I’ve been lucky enough to spend time in Lorraine, living with a family who makes their own delicious mirabelle fruit jams, pies, and Schnapps. The family’s trees are located in the middle of a grain field — a line of trees that stands up to harsh winter winds and provides a haven for wildlife.
The whole family came together for harvest a few years ago when I helped them gather a bumper crop of heirloom fruit. Old bedsheets were laid on the ground around the trees to catch the falling plums. Uncle Armand brought out a special homemade tool, a long broom handle with a hook on one end. He hooked it onto a laden branch and used the weight of his body to shake the mirabelles free. The golden fruits tumbled to the ground, and other family members hurried to gather them before Uncle Armand could trample them in his enthusiasm. This bumper harvest would keep the whole family in Schnapps for years to come. Bottles of Schnapps in the patriarch’s basement date back decades; many are older than his daughter, who is herself a grandmother.
Distillation is a great way to preserve and store a large mirabelle crop. After harvest, the family stores the fruit in large barrels fitted with airlocks that allow gasses to escape but no bacteria to enter. The mirabelle fruits ferment throughout autumn, substantially decreasing in volume. This is typically done in a basement or garage. If the fruit ferments correctly, there will be no bad odor.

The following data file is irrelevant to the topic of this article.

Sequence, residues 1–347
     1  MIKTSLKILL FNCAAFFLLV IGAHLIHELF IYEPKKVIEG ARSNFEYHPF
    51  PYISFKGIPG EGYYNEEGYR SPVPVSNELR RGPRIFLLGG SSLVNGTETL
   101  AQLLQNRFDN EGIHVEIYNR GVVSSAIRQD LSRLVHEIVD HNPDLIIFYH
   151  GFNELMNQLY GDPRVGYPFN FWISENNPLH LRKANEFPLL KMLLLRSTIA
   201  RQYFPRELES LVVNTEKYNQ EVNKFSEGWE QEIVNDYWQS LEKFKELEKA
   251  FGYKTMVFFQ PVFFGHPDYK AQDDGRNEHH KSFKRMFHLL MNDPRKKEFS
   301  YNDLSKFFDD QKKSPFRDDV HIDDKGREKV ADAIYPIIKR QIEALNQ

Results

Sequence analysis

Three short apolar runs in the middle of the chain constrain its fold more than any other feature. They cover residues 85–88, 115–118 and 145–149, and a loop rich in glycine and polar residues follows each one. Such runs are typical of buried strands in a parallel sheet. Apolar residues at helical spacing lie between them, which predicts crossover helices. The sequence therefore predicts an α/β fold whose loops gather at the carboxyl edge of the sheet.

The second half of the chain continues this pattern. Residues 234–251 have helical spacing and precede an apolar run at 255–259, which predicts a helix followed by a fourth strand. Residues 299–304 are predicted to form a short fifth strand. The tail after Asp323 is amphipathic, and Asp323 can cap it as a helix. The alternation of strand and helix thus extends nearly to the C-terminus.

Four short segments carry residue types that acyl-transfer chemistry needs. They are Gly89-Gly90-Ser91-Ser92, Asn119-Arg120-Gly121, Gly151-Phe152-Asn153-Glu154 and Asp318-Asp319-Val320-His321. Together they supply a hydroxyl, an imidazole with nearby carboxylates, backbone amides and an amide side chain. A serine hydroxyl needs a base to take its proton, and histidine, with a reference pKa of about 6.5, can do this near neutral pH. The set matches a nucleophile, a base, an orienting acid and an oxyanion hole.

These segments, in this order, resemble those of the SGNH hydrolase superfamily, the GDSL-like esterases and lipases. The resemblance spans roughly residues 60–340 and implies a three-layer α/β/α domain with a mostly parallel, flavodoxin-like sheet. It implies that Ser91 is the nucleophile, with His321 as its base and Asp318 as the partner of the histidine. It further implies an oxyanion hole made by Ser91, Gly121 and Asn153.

When the heirloom fruit has finished the fermentation process — usually two to three months, evidenced by a lack of bubbles in the airlock — the fermented mash is ready to be distilled. The production of Schnapps marks the beginning of the Christmas season. Children who live far away return home to help. Many Lorraine families rent an ancient Schnapps burner for a weekend before passing it on to a neighbor. Most of these home distillers learn the skill from their fathers or grandfathers.
My host family’s father, Jean-Paul, explains how the process works: “The fruit is distilled twice. From the first distillation you have a very rough Schnapps, which has to be distilled again. From the second distillation, the first parts (fore shots) are poisonous, and must be discarded. Some men who produce it here only throw away a small glass, but I throw away a big glass.” (Jean-Paul aims for quality over quantity.) “Then you have the Schnapps, which is very strong and should be mixed with distilled water until it is 40 percent.”